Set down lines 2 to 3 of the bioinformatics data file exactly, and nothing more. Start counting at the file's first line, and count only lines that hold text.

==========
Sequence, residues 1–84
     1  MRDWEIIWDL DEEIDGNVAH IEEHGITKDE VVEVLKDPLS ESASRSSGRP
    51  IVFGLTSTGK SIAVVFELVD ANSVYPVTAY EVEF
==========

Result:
     1  MRDWEIIWDL DEEIDGNVAH IEEHGITKDE VVEVLKDPLS ESASRSSGRP
    51  IVFGLTSTGK SIAVVFELVD ANSVYPVTAY EVEF